Negotiations for the Regional Comprehensive Economic Partnership (RCEP) are now at a “critical stage” with a conclusion “finally in sight,” Singaporean Prime Minister Lee Hsien Loong said last weekend.
Led by the Association of Southeast Asian Nations (ASEAN), RCEP is one of the most useful strategic opportunities for the 16 countries involved – ASEAN-10, India, China, Japan, South Korea, Australia and New Zealand – to realise an economically open and liberal Asia Pacific.
The mega trade deal, when completed, would be the largest of its kind in the world since the General Agreements on Tariffs and Trade (GATT) Uruguay Round in 1994 which saw the establishment of the World Trade Organisation (WTO). The RCEP encompasses 25 percent of the global gross domestic product (GDP), 45 percent of the world’s total population, 30 percent of global income and 30 percent of global trade.
"We are looking for that broad agreement, that milestone to be achieved, or what we call substantial conclusion,” Singapore’s Minister for Trade and Industry Chan Chun Sing said after chairing the 6th RCEP Ministerial Meeting.
“Just like climbing a mountain, as we go nearer and nearer to the summit, the climb can become steeper and more challenging,” Chan added.
In a recent round of negotiations held in July, two additional chapters namely the chapters on Customs Procedures and Trade Facilitation and Government Procurement were concluded, bringing the total concluded chapters to date to four. In a joint statement, ministers from the 16 participating RCEP countries noted that the negotiations of other chapters are making good progress with some nearing conclusion. Leaders are now set to sign off on a broad agreement of the trade deal at the Singapore ASEAN Summit in November.
Source: Various sources
According to Sanchita Basu Das, Lead Researcher of Economic Affairs at Singapore based ISEAS – Yusof Ishak Institute, the trade agreement’s possible imminent conclusion showcases “high political willingness of the participating members”.
Nevertheless, she added that for negotiations to be concluded swiftly, countries must be “ready to make some compromises”.
“It looks unlikely that RCEP can deliver on a common tariff concession schedule for goods market access. Large trade deficit with China, lack of bilateral free trade agreements (FTAs) and upcoming national elections are looming concerns for countries to sign on a same set of market access condition,” she said.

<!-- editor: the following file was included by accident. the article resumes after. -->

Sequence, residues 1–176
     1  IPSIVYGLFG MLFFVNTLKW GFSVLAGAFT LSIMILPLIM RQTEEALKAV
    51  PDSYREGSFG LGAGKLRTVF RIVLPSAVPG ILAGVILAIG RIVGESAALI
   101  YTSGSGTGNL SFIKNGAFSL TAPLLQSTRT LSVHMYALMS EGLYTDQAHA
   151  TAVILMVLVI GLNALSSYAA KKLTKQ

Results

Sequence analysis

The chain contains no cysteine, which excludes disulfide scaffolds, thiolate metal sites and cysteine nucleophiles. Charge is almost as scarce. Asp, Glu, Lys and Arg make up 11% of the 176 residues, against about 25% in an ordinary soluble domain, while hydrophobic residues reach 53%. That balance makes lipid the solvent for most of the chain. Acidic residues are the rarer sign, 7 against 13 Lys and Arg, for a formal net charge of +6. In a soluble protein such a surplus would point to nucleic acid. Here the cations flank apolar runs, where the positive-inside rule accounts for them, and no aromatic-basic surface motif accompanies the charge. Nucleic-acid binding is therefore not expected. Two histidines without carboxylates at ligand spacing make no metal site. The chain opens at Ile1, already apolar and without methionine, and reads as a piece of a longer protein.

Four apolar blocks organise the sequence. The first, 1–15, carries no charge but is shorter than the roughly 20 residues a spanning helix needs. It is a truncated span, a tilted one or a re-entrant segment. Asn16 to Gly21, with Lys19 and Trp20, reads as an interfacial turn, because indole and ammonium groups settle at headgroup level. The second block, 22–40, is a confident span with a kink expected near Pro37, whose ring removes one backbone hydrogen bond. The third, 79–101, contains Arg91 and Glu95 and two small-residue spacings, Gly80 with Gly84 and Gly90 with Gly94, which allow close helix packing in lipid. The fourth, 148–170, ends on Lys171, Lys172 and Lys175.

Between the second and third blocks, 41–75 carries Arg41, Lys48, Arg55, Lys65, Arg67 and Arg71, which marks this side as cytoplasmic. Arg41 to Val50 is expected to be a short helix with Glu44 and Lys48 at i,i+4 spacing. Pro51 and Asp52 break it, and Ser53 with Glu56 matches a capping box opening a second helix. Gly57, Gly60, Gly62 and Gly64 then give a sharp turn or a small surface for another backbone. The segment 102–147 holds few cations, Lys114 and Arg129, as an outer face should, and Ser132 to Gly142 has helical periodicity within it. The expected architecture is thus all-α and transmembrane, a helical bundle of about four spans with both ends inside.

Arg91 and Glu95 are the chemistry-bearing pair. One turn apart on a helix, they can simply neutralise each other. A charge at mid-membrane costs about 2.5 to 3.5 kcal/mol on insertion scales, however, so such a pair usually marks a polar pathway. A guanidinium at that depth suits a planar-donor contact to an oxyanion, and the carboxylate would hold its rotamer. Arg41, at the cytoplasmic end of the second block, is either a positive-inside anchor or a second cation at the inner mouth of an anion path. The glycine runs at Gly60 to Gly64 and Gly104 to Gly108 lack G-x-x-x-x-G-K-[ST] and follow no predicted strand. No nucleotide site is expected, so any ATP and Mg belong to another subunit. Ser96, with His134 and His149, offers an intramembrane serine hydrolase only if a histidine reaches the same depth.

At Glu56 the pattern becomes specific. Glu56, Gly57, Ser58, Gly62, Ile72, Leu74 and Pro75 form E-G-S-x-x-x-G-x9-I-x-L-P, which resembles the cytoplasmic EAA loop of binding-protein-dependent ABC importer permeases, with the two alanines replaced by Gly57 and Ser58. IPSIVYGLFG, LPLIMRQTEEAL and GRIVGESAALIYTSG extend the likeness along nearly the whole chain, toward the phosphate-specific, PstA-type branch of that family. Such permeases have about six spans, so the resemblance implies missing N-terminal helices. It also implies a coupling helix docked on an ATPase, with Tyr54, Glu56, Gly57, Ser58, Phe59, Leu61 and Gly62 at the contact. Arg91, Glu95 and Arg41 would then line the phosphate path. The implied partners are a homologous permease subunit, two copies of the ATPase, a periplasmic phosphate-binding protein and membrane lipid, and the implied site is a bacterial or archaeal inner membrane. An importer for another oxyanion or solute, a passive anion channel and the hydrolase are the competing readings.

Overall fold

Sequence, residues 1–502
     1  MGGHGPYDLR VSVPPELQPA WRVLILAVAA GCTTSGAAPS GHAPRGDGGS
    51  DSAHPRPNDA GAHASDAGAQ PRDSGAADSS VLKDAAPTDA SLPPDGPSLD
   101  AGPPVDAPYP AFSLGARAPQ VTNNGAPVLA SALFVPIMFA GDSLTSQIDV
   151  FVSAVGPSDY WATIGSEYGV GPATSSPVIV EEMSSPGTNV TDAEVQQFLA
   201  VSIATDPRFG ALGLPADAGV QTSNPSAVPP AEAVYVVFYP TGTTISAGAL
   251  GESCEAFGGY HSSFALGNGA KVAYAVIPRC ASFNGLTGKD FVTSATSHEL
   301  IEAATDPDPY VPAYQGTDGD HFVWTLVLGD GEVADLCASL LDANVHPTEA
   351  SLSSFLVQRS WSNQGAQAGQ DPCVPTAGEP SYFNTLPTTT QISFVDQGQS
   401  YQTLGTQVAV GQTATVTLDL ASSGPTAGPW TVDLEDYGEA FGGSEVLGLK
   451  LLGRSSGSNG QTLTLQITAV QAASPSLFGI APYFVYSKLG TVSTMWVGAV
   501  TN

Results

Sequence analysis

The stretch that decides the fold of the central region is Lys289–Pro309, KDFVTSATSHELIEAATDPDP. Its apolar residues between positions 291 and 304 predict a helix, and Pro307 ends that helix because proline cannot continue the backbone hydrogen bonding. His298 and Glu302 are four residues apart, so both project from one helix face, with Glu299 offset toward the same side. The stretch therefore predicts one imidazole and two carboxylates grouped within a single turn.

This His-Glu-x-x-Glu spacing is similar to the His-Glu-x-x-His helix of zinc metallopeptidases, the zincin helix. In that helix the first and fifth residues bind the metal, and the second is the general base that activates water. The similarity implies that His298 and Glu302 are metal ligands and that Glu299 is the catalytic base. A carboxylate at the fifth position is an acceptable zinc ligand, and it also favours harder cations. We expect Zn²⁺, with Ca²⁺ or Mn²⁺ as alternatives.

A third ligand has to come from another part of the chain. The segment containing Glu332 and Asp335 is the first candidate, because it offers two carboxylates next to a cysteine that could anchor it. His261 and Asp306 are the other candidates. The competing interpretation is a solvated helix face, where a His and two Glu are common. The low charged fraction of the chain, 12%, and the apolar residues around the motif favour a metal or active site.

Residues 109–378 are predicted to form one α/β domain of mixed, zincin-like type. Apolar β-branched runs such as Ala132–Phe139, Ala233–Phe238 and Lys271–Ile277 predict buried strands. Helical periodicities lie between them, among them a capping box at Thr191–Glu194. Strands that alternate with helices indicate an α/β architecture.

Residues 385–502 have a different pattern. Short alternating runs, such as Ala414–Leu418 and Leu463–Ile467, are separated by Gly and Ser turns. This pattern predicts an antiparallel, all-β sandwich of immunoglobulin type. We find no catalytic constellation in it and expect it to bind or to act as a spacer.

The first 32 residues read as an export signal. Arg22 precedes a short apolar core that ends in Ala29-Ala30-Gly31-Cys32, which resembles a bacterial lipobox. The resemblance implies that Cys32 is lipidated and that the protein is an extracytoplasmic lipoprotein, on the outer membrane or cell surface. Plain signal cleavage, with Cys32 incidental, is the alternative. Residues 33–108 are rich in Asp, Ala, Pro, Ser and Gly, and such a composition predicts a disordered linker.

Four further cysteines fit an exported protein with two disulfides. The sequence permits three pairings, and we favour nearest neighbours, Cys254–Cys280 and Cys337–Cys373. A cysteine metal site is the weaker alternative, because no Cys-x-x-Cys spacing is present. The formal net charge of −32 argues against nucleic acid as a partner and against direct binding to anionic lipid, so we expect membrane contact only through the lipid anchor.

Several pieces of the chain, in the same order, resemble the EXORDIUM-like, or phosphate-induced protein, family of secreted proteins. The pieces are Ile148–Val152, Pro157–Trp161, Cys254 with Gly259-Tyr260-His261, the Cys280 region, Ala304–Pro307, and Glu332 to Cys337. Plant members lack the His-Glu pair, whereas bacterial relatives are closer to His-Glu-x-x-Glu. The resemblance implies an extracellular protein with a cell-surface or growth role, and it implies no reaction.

“Hence, participating members need to reach some agreement on trade-offs and compromises,” Das added.
Amid the prevailing uncertainties of the global economic climate, the conclusion of RCEP could contribute towards mitigating some of the effects of the United States (US)-China trade tensions and the Trump administration’s overall protectionist undertones.
Although commonly misconstrued as the leader of the trade deal, China is seen as a heavy backer of RCEP which notably excludes the US. Under the Obama administration, the US had been leading another regional pact – the Trans-Pacific Partnership (TPP) – until President Trump abandoned it upon his election to the Oval Office.
With Washington apparently side-lining Southeast Asia from its geopolitical field of vision, Beijing will be keen to slide into a stronger position of influence which can be achieved by endorsing the ASEAN-led RCEP – essentially, giving free trade the thumbs up.
Das, who is an expert on regional economic integration opined that the RCEP could establish “an alternative trade path in the face of a possible full-fledged trade war with the US.”
“In case of a long-drawn trade war between the US and China, trade and investment rules in the RCEP agreement can facilitate reconfiguration and relocation of production lines from being more China- or US-centric to other RCEP members,” she explained.
RCEP is also perceived as a twin of the Comprehensive and Progressive Agreement for Trans-Pacific Partnership (CPTPP) – a slimmer version of the TPP signed by its remaining members after the US’ rescindment of the deal.
“As such, it needs to perform its role to deliver on an Asia-centric trading architecture, consolidating existing smaller deals and streamlining rules and regulations across borders,” Das concluded.
Compared to the TPP or the CPTPP, the RCEP is relatively modest, prescribing lower and more limited regulatory standards. As most of the 16 participating economies are developing nations, this represents an opportunity that’s too valuable to be passed up.